Harshita Dagha What love did to me March 29, 2019 https://www.nakedtruth.in/wp-content/uploads/2019/03/What-love-did-to-me.jpg

Neeta was the thirteenth woman he was seeing. And by now, Naresh was well aware of the cycle.

1. Spot the similarities between the two

2. Let them feel your sparkle

3. Go all in

4. Get physical

5. Get more physical

6. Get bored

7. Start avoiding

It was easier for him. He was known as the ladies man. The Don Draper of the Indian suburbs, the one very famous for going down on recently deflowered young ladies.

Neeta was a friend of friend of friend. It was the seventh day of Garba, a ten day Jamboree which happened during the festival of Navratri at the onset of winters. This is also the time when a lot of young boys and girls get permission to stay out till late night.

Neeta was a different woman. She didn’t care about her backless Indian outfit. Her eyes were enough. But that’s for the later part of the story.

She took one look. Like one glare to lure him.

Over the next few glares, Naresh would try and try and try and fail to take her to the corner where he would get closer to the girl.

She just wasn’t that woman. It took him three nights to get her phone number, after which, she took 15 days to say a “yes” for a coffee.

He was loving it. He loved that 15-second wait before she replied to his messages.

That hour long wait when he anxiously practiced his pickup lines before the date. He loved that subtle smile on her face when he flirted with her.

Neeta was a first timer. A virgin. Her tissues were yet to be broken. So, was her heart.

She was told about the idea of one woman man. Players and Casanovas never existed in her fairytale life theories. A Kareena of her own world of Jab We Met, an Indian movie she grew up watching.

And there was his prince charming, insisting her to come along on a long drive. Beyond the borders of the city, into the wild, amidst the trees, and near the lake where a lot of birds would chirp, and some of them would silently kiss each other behind the trees.

These two, however, would sit and talk. And share a cup of chai. And admire the waters, and soak in the air, and the vibe, and then, splash water at each other. This was her first date. And Naresh’s first date where he didn’t make out with the woman.

It was official. He was smitten.

This was something that he hadn’t experienced. The secrecy of pure, unadulterated love.

For the first time, he felt like lying down on her lap and listening to her folklores while laughing, matching his frequency with that of the birds.

Over the next two months, they would sleep under the same roof, share food from the same plate, and watch the same movie. Again, and again, and again. Without touching each other.

This was something that he hadn’t experienced — A peck on the cheek, the smile on a face, the laughter echoing in the valley, and making them merrier, the hello and bye on the phone, the reasons to get out of the house — The secrecy of pure, unadulterated love.

It wouldn’t be long before Naresh would plan a grand proposal for Neeta. The society would see a huge exhibition of love. The women who slept with him, and called him a rock, an insensitive rogue, would want to take their words back.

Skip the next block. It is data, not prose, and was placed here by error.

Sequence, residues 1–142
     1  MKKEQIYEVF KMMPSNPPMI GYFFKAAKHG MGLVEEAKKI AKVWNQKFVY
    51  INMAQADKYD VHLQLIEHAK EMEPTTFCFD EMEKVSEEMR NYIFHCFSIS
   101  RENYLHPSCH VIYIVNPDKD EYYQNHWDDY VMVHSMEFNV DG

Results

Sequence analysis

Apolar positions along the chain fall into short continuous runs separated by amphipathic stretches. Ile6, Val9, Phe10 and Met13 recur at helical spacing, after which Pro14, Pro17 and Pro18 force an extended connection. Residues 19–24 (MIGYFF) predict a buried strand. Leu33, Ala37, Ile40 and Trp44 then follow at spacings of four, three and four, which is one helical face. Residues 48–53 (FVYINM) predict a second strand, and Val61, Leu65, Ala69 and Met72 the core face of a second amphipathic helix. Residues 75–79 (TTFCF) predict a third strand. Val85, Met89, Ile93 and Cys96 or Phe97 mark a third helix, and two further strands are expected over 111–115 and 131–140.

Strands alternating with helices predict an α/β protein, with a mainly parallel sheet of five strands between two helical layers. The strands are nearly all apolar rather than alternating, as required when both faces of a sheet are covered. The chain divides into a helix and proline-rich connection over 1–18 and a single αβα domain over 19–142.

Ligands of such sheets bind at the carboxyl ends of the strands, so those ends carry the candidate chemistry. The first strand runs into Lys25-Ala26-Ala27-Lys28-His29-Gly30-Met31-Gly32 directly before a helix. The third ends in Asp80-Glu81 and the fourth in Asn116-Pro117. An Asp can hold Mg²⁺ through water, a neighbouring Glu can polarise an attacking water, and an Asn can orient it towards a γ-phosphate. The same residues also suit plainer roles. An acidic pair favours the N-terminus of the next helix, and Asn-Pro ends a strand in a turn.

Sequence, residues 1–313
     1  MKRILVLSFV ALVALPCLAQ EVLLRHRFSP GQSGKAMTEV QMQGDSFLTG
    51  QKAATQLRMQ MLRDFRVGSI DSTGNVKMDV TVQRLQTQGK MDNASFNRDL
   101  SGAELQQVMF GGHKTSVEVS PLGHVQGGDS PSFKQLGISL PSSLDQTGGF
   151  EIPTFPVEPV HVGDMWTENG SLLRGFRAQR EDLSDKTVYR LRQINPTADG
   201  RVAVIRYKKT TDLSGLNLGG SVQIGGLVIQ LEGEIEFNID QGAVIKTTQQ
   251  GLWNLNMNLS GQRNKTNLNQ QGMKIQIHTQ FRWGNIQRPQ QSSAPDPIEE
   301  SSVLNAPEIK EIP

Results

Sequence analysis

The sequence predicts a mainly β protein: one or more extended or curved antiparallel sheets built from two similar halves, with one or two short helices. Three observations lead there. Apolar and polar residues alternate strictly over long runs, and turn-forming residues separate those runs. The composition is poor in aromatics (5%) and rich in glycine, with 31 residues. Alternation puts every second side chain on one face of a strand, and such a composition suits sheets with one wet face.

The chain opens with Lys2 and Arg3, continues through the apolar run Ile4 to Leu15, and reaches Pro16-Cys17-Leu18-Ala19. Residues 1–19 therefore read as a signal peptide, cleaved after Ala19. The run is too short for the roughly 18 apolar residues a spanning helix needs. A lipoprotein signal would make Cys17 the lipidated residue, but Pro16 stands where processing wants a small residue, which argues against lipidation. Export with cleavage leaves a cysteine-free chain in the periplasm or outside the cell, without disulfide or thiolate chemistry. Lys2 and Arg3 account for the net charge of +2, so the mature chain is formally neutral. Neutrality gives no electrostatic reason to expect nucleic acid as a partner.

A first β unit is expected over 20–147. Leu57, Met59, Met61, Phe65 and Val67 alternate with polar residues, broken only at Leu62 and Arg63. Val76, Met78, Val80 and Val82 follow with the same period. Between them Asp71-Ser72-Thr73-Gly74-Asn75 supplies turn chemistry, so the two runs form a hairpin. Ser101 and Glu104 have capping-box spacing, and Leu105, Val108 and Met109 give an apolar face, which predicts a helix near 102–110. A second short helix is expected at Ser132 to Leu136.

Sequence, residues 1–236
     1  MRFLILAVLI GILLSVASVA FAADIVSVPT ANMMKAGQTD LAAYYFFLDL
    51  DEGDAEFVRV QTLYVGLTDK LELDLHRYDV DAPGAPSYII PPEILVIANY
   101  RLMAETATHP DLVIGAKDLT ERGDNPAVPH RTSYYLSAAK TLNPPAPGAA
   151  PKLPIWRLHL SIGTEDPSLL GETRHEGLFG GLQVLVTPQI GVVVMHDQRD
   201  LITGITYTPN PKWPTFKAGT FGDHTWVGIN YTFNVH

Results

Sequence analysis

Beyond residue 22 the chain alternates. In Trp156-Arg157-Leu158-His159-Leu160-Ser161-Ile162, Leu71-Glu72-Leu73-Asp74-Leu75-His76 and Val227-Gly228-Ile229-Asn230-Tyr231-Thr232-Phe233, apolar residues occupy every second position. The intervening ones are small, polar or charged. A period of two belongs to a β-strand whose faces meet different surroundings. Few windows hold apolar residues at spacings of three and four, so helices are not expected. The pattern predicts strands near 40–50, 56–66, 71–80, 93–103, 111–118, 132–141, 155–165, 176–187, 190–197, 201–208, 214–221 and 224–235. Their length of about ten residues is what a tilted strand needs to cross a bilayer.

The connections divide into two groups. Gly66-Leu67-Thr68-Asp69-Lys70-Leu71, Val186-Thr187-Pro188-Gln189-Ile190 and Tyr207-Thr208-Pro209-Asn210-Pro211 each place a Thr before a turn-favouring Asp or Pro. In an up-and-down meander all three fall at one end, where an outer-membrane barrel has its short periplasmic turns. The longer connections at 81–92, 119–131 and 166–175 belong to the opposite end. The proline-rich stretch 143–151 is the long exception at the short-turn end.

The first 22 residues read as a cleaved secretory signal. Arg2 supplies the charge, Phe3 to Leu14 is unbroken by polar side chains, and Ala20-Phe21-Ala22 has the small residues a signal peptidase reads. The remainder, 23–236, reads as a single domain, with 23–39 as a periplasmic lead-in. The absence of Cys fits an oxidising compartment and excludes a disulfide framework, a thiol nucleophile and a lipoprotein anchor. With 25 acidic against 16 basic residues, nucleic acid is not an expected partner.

The world would be waiting to add two more names to the list of Romeo-Juliet, Heer-Ranjha, Laila-Majnu, and so on.

Some amount of trade-off had to be there.

For him, it was to manage his steroid levels; to rein the monster within, and even to sacrifice his dream of getting a master’s degree from India’s best B-school.

For her, it would be convincing her parents, his parents, their friends, relatives, well-wishers, the roadside tea vendor, the neighbours, their families, and everyone who would possibly be exposed to the wedding.

Neeta would take two years to make this happen. Two years, the duration where Naresh would have laid down with 4-5 women multiple times, take a few tours to Goa with his buddies, and of course, finish his degree to bring home a fat paycheck. But he held both, his hormones and skills; saved them for her.

He was a strong man. He would take words like ditcher, parasite, etc. from friends, and words, good for nothing, un-ambitious and lazy from his parents. He would be okay to come across as a mediocre man in front of Atharva, who had just returned from his master’s and was the most eligible bachelor in the society. Atharva would command respect, attention, and dowry. He was the man women wanted to marry.


The Sunday afternoon would probably connect every dot.

Where one of Naresh’s ex – the only one he wanted to stay with would be a rumoured girlfriend of Atharva’s.

So what, he proudly believed and trusted.

Naresh was still confident that he would make the best husband — the man who had already sacrificed a lot for his damsel.

Until the day he would call for an auto as Atharva passed by him in his sedan, until the day when Neeta’s parents would refuse to give them loans, until one day when he would set out to ask Neeta for marriage and knock her door several times, only to find a messy haired Neeta open the door, and a shirtless Atharva hide in the closet.

unsplash-logoMicah Williams

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This engineer-turned-media pro aims at engineering creativity. A dreamer, she's out in this world to win hearts and sell smiles for free! If there's a man draped in funny-looking purple robe, she'll write about it. If you have one ear on either side of your face, she'll write about that too. She loves expressing so much that she often reads out to empty rooms and yells, "I know you're listening!" Her love for expressions, Bollywood and romance is truly undying, unconditional and unapologetic!

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